{{featured_button_text}}

The owners of the year-old Fathead Steve’s food truck have opened Fathead Steve’s Bar & Grill in the former The Dive Bar location at 1920 Ward Ave. on the South Side of La Crosse.

Steve Vogt, Paul Gauquie and John “Willi” Waters bought the bar and grill business July 10 and immediately renamed it. Exterior signs with the new name should be up within a couple weeks.

Their bar and grill’s menu is a work in progress and at this point includes some of the food truck’s most popular items, such as a Philly melt sandwich made with shaved prime rib, fried duck on greens, chorizo burrito, chicken tenders, pickle fries and french fries. It also includes freshly made pizzas and a Southwest salad. There also are weekly specials, such as pulled pork sandwiches.

Steve Cahalan mug

Steve Cahalan

“The menu will be triple what it is now” within a couple weeks, Gauquie said last week, and definitely will include a variety of quesadillas.

Fathead Steve’s Bar & Grill also has a full bar, two pool tables, four dartboards, a party room and a stage for live entertainment. And it soon will have video games.

The three owners will continue to operate their food truck, which began operating last July, and they will continue to offer catering.

“This is kind of a natural progression of the business,” Waters said of adding a bar and grill. Waters, who is in charge of food, has been a chef at area restaurants for more than 20 years.

Hours are 3 p.m. to midnight Monday, 3 p.m. to 1 a.m. Tuesday, Wednesday and Thursday; 3 p.m. to 2:30 a.m. Friday; 11 a.m. to 2:30 a.m. Saturday and 11 a.m. to midnight Sunday. The bar and grill soon will begin opening at 11 a.m. Monday through Friday for lunch, Gauquie said.

For more information, call 608-796-1886 or visit the Fathead Steve’s Facebook page.


Shane and Emilee Nottestad of rural Westby plan to open their third Zzip Stop convenience store by late August at 4050 Hwy. 35 in Genoa.

This spring, they bought the former Pedretti’s Kwik Stop convenience store, which had closed last fall. The Nottestads razed the old building and are constructing a larger 3,200-square-foot building. They’ve also replaced the store’s underground fuel tanks with new ones.

You have free articles remaining.

Become a Member

Register for more free articles.
Stay logged in to skip the surveys.

When it opens, the Genoa convenience store will offer fuel, a beer cave, tobacco products, a grab-and-go hot food bar with items such as broasted chicken and burgers made from beef from the Nottestads’ farm, take-and-bake and baked-to-order pizzas, essential groceries and dairy products. Genoa has been without a gas station since Pedretti’s closed.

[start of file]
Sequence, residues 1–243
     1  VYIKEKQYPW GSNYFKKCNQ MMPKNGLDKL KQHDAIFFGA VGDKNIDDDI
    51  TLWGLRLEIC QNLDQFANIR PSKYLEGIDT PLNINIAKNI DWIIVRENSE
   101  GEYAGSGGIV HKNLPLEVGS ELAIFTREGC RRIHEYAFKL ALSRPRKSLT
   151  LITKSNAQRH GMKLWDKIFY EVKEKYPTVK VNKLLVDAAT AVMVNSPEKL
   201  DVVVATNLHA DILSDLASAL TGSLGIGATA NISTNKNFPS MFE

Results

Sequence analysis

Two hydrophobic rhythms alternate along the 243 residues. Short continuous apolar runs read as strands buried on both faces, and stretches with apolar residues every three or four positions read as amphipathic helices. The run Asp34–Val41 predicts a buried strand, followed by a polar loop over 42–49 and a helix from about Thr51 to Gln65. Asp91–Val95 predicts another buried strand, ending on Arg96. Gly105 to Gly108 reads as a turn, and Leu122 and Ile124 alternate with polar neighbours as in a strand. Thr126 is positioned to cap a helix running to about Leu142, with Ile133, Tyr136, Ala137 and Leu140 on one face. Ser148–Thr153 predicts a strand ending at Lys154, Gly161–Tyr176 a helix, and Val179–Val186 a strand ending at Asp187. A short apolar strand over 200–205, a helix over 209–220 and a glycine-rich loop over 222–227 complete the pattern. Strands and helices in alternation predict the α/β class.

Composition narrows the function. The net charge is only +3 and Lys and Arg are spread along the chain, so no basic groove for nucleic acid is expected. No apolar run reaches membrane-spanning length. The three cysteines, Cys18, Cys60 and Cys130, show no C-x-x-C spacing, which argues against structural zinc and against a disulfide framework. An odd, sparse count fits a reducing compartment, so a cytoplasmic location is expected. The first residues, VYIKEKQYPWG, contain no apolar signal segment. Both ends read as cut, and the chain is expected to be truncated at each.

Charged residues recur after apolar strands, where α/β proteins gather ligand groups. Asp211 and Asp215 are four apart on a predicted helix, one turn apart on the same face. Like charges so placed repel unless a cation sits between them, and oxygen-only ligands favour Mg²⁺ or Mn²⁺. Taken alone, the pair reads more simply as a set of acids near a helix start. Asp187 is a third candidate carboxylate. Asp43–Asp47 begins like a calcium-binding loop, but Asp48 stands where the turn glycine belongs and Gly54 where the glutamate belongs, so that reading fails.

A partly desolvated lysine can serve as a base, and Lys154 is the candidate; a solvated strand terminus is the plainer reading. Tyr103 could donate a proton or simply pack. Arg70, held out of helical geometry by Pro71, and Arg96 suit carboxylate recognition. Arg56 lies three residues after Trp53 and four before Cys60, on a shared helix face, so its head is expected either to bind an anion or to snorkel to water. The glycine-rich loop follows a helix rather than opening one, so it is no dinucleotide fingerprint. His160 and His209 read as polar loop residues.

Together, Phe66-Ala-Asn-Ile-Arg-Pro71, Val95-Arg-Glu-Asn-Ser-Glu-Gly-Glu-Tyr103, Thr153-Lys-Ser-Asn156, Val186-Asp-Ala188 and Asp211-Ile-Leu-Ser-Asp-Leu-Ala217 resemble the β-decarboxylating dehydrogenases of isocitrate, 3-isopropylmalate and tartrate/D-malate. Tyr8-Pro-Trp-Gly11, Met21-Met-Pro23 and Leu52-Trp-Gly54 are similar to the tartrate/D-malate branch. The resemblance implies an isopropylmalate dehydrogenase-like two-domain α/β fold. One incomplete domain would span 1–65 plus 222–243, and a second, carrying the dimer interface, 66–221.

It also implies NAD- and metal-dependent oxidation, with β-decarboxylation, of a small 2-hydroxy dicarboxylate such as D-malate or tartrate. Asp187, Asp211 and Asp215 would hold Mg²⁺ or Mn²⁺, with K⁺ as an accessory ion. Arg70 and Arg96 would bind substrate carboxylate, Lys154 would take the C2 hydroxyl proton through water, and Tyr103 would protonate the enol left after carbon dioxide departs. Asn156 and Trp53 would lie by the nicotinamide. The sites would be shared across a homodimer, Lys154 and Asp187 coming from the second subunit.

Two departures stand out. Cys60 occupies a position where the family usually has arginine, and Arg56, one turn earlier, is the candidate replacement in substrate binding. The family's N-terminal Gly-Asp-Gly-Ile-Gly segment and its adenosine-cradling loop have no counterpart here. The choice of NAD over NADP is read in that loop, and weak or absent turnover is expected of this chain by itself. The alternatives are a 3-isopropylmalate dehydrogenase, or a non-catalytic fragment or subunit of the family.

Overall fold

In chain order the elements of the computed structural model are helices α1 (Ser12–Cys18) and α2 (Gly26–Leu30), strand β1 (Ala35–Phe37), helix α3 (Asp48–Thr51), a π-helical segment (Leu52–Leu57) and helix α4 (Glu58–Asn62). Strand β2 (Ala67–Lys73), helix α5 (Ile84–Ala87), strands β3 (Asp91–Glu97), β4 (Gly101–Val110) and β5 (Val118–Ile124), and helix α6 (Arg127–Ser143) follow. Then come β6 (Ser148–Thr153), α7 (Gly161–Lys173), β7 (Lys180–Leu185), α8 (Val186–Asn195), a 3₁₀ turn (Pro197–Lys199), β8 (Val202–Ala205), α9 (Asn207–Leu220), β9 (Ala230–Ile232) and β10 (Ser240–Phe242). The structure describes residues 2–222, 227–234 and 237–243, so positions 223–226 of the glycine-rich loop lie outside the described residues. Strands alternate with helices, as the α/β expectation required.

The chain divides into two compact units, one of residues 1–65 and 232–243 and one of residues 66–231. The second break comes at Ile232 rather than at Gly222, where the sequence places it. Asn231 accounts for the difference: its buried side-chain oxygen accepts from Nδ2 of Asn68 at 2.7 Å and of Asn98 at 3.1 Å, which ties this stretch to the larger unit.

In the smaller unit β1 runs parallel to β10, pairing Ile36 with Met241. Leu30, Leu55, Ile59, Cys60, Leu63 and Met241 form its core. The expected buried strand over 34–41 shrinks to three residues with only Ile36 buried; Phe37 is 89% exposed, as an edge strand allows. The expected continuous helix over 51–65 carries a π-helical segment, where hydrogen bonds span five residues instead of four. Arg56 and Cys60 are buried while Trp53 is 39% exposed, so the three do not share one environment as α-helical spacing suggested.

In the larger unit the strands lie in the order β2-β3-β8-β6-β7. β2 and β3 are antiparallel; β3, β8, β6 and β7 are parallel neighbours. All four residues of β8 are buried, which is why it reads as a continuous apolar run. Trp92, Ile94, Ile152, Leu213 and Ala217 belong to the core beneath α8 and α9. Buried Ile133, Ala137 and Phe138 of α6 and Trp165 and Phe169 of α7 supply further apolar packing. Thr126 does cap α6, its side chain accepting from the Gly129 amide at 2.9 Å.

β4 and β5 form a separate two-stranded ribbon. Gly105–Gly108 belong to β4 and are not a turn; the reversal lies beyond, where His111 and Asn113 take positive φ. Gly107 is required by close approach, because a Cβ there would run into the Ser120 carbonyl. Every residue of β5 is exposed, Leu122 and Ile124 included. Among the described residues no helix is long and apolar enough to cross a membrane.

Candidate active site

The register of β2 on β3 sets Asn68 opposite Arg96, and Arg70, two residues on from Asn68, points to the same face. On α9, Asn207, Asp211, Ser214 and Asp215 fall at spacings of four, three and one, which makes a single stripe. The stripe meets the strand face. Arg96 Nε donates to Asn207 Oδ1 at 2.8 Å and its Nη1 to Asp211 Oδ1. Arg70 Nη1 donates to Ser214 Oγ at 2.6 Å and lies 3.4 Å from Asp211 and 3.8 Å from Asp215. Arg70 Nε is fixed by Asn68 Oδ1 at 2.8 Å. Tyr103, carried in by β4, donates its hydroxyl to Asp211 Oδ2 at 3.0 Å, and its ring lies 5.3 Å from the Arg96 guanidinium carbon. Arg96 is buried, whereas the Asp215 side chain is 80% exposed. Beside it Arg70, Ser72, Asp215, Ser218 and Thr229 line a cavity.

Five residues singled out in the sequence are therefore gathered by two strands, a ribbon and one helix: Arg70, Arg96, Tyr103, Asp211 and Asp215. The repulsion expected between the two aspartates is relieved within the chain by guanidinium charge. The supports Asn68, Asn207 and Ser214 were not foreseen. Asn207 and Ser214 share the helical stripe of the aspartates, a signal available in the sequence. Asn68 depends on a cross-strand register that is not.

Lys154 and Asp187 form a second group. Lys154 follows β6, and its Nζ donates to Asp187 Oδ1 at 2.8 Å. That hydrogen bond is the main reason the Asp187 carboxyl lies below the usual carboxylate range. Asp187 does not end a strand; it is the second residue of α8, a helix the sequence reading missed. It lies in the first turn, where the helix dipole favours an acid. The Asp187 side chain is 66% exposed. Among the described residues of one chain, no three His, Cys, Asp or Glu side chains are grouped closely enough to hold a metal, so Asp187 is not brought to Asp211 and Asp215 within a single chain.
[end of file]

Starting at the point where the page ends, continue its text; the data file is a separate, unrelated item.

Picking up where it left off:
As with the Nottestads’ other Zzip Stop stores in Westby and La Farge, catering will be available.

“We thought it was a good opportunity,” Shane Nottestad said of buying the Genoa property and building a new convenience store there. “We’re trying to fill a need that people (in Genoa) thought was there.” The new store probably will have about 13 employee, he said.

For more information, visit www.zzipstop.com or the company’s Facebook page.


Cole Sherwood is the new owner of Sherwood Recycling Inc., the new name for Sherwood Forest Recycling, at 112 E. Washington St. in Tomah.

He bought the business July 1 from his grandfather, Robert Sherwood, who founded the company and who will work there part time.

The recycling business began in the town of Tomah as a salvage yard in 1967, and began buying aluminum cans in 1972. The business moved into Tomah in 1986.

It buys non-ferrous metals such as aluminum, stainless steel, copper and brass, as well as car batteries. It also accepts (but does not buy) heavy-duty appliances and dry, flattened cardboard. Hours are 8 a.m. to 5 p.m. Monday through Friday and 8 a.m. to noon Saturday.

Cole Sherwood is a 2010 graduate of Tomah High School and a 2012 graduate of the University of Wisconsin-Richland (now University of Wisconsin-Platteville Richland), where he received an associate degree in business management.

After graduating from college, he returned to Tomah and the recycling business, at his grandfather’s request.

“I think he’ll do good,” Robert Sherwood said of his grandson. “He’s been going there since he was 5 years old, helping me down there. And he’s grown up with a lot of my customers.”

For more information, call 608-372-4464 or visit www.sherwoodforestrecycling.com.

Steve Cahalan can be reached at stevecahalan.reporter@gmail.com or 608-791-8441. Meghan Flynn of the Tomah Journal contributed to this column.

8
0
0
0
4

(0) comments

Welcome to the discussion.

Keep it Clean. Please avoid obscene, vulgar, lewd, racist or sexually-oriented language.
PLEASE TURN OFF YOUR CAPS LOCK.
Don't Threaten. Threats of harming another person will not be tolerated.
Be Truthful. Don't knowingly lie about anyone or anything.
Be Nice. No racism, sexism or any sort of -ism that is degrading to another person.
Be Proactive. Use the 'Report' link on each comment to let us know of abusive posts.
Share with Us. We'd love to hear eyewitness accounts, the history behind an article.